In the Federal IT landscape, new buzzwords are constantly identified and implemented in the workforce. Terms like ‘agile’ and ‘better buying power’ are used so often that sometimes their true value is lost. Despite the unintentional dilution of these terms, on Thursday April 9, 2015 in the Indian Treaty Room within the Eisenhower Executive Office Building, synergy occurred. Synergy is defined as the creation of a whole that is greater than the simple sum of its parts. Thirty-nine participants representing 19 agencies came together to identify the issues we see in the Federal Government as they pertain to IT, establish teams, and begin brainstorming on potential solutions for these problems.
The opening remarks by Federal Chief Information Officer (CIO) Tony Scott and Federal Chief Technology Officer (CTO) Megan Smith set the tone for the day. Mr. Scott encouraged the group to “Be bold, be disruptive, and take risks” as we embark on this IT Solutions Challenge. Ms. Smith embraced the diversity of our group and inspired us to “be ourselves” as we work together throughout this challenge. The rally cries expressed during the opening remarks inspired everyone in the room as we broke out into groups and immediately began brainstorming.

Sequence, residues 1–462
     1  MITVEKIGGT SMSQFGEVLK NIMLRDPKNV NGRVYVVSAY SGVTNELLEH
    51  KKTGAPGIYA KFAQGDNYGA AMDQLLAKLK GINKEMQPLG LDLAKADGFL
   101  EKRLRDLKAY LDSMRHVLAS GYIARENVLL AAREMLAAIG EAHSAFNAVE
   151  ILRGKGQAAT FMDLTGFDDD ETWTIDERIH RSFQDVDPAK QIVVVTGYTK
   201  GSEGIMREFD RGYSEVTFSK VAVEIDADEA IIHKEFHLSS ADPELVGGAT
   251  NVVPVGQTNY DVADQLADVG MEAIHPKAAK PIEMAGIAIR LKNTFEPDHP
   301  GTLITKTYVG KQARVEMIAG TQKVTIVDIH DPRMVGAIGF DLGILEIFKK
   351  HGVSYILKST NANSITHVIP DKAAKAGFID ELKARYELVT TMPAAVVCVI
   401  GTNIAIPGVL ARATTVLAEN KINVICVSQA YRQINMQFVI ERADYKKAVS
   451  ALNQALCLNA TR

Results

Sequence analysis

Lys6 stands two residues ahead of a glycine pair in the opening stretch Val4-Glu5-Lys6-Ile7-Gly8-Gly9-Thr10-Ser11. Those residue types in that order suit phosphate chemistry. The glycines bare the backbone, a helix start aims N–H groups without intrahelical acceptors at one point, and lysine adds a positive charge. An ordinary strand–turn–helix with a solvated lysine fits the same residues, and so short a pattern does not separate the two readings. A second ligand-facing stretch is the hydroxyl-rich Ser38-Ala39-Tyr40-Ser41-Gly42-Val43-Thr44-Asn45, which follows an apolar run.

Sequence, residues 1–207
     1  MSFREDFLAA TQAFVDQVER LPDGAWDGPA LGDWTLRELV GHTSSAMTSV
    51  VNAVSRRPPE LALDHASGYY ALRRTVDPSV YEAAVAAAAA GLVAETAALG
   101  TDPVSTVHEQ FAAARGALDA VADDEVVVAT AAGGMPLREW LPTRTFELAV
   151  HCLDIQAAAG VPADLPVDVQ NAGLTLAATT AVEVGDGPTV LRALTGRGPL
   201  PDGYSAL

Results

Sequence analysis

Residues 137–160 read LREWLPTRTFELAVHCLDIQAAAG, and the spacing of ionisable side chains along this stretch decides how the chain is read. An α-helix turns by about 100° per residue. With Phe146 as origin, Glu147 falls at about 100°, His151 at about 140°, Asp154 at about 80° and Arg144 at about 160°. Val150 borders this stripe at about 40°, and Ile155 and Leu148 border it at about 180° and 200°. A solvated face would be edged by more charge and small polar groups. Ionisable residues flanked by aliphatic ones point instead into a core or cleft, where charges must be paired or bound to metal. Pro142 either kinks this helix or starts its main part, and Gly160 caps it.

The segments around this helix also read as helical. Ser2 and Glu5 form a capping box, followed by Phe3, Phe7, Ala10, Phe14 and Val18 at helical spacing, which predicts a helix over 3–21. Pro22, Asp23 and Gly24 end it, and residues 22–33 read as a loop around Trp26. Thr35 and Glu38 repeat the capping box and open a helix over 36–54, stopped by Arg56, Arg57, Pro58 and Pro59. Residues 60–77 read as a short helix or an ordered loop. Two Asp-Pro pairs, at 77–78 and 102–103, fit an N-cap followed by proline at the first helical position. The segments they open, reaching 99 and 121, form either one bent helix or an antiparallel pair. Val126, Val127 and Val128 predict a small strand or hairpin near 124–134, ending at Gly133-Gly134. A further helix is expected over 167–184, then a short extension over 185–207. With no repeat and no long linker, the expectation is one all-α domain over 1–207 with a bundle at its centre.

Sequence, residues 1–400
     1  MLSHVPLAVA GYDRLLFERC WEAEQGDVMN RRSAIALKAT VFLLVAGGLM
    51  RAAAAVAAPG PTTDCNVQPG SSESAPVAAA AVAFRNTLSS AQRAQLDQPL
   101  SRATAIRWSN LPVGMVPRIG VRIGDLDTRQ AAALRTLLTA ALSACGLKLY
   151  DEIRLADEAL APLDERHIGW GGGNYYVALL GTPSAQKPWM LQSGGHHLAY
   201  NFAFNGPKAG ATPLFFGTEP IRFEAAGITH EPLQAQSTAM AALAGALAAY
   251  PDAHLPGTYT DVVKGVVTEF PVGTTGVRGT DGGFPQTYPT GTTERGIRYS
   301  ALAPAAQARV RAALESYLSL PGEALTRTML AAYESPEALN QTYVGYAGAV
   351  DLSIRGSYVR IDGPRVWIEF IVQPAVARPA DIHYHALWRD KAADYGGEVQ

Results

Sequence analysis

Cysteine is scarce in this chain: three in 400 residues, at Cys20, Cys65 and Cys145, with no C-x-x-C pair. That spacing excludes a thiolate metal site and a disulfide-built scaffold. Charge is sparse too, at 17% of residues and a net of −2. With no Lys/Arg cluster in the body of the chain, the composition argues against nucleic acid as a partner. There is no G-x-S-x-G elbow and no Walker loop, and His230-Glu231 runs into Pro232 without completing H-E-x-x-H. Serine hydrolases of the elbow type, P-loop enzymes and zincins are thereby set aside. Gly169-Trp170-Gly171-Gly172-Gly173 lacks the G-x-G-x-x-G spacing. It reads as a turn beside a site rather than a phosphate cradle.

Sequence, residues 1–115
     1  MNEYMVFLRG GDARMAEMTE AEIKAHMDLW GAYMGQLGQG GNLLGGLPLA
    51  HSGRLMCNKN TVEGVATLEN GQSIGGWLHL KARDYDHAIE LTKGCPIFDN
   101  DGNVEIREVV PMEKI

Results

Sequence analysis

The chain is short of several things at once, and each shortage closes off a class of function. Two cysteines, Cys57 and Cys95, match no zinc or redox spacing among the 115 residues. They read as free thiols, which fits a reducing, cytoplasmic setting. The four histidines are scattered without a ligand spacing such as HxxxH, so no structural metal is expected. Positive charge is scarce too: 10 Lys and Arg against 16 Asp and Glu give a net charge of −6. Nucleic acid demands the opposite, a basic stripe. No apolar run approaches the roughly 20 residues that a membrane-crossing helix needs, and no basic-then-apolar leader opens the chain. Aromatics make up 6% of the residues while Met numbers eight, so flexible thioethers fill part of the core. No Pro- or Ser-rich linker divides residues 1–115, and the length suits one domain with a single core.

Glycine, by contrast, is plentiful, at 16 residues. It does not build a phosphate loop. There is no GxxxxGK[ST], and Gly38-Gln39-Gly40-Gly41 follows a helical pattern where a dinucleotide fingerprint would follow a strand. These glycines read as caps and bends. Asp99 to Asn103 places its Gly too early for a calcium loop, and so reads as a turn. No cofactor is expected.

Once in our respective groups, each team member was highly energized and motivated to get started. Almost immediately, we began to throw around ideas at a furious pace, with each idea expanding and morphing as people added their individual insights. The group sessions were characterized by extremely high energy, and team members building off one another to come up with unique and innovative ideas pertaining to challenges facing the Federal IT landscape. As the day progressed ideas began to take shape and the vetting process began.
As the collection of ideas submitted by the Solutions Challenge members were whittled down to the highest rated ten, new teams were formed to again transform and expand these ideas. Quickly moving to a different group, with different members who had a variety of experiences, I was forced out of my comfort zone and, as a result, my thought process was again elevated. Making the pitch for our IT solution to the entire workgroup was challenging. The quick turnaround time required our group to think of an efficient way to sell our solution to rest of the group while expressing the value and potential it could bring to the challenge.
Overall, day 1 of the IT solutions Challenge can be summarized as being inspiring, stimulating, and left the participants excited for the future. I believe each participant left feeling they have real opportunity to make an impact on how the Federal Government views IT and its processes. Participants of the inaugural class of the IT Solutions Challenge have the unique opportunity to make a profound impact on the culture of Federal IT and we are eager to get started!